Yes, Virginia, there is a class struggle

It’s no secret that capitalism advances economic inequality. The gaps are opening wide between rich and poor, creating a world of haves and have-nots. What capitalists must worry about — indeed, what the Pentagon worries about — are potential world conflicts due to inequality, climate change and the fight for survival.

Capitalism has a problem defending itself from this expected consequence. It can only claim in its defense that winners make it better for everybody, denying the zero sum nature of the game. Pure zero sum is completely uncomplicated. If I steal some of your money, I have more and you have less. Economics is less pure and more complicated. Putting it figuratively, a rising tide lifts all boats that are not leaking.

A subject gaining attention among progressives is the relationship between class and race. Let’s do a thought experiment and suppose that capitalism has been supplanted by socialism, eliminating the hierarchal arrangement between owner and worker. Workers are no longer an exploited class.

The question arises. If economic classism vanished, would racism still exist? Just to pose this question suggests the complexity of the relationship because racial minorities disproportionally belong to the lowest economic class.

It’s apparent that even in a complete absence of class distinction that racism would not be eradicated. This necessary admission is due to the still primitive nature of the human animal. Suspicion and fear of the “other” has survival advantage. Things that don’t look like you can kill you, like snakes and wild animals. Ancestors least fearful died off sooner and were at a reproductive disadvantage. It’s possible that in a far off future, the human brain will have evolved past this primitive mode. We won’t see it. Maybe others will.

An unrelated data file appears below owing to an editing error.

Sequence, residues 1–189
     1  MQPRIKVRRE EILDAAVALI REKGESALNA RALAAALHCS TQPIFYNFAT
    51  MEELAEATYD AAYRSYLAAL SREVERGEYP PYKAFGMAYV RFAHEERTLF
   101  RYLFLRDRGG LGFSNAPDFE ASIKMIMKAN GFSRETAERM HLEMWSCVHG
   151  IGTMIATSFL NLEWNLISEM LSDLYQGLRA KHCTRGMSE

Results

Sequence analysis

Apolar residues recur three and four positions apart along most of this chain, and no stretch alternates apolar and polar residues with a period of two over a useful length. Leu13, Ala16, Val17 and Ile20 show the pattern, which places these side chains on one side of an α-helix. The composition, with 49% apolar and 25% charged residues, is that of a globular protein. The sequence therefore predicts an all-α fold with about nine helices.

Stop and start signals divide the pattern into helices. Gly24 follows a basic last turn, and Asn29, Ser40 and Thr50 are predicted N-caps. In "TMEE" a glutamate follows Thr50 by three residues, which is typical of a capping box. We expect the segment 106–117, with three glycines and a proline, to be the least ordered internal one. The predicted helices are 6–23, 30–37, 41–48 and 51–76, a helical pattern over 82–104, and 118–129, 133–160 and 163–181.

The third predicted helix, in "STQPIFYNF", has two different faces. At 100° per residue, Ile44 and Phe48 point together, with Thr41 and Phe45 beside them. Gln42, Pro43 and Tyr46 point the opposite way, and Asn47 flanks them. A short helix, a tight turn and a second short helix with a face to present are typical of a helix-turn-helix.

But admitting the persistence of racism does not imply that the eradication of a class system would have a null effect on racism. It is bound to have a positive effect because race is tied into status. Lifting lower class status should reduce racism to some degree.

Let’s do the opposite thought experiment and suppose that racism has completely vanished. How would this effect class structure? Under our present capitalist system, a null result should be expected. Capital exploits all shades of workers. Racism is a moral question but capital is inherently amoral.

So which is worse? Racism, at least widely acknowledged as an abhorrent immorality, or capital, openly and safely operating beyond moral scrutiny while creating sub-classes of people either unable or unwilling to question their subordination?

The question about which is worst is not serious. It is posed to tie racial justice into social and economic justice. If there is an insight to be gained from the comparison it is that one side, racism, will continue to generate interest as a controversial subject, while the other side, classism, slinks along unnoticed.

Our primitive brains have evolved sufficiently far if not to eradicate racism then to push for racial, social and economic justice. Standing in the way is finance capital. The economy, Washingtonian politics and the Pentagon all answer to Wall Street. Both capitalist political parties favor huge expenditures to continue American imperialism. Both parties put corporate interests first, while the condition of wage earners grows steadily worse.

For years, Americans have been teased to borrow their way into a better life. Today, most of the 95% are in debt to the 5% in one way or the other between mortgage debt, credit card debt, vehicle debt, pay day loan and school loan. Working means keeping up with the interest, for those fortunate enough to be working. And, on top of that, most workers are unhappy with their dull and mindless jobs.

There was a time in this country when socialists and socialist publications were common. Between the red scares and McCarthyism, capitalists decimated them, and not for the benefit of the ordinary person. But this is now, and the contradictions in today’s capitalism are glaring and unsustainable.

The choice is between staying on the path of imperial war, civilizational collapse, environmental calamity and nuclear disaster or transitioning to socialism. Capitalism is already doing its part by self-imploding. The rest is up to class struggle.

James Rothenberg, of North Chatham (Virginia’s last home) writes on U.S. social and foreign policy.

Johnson Newspapers 7.1

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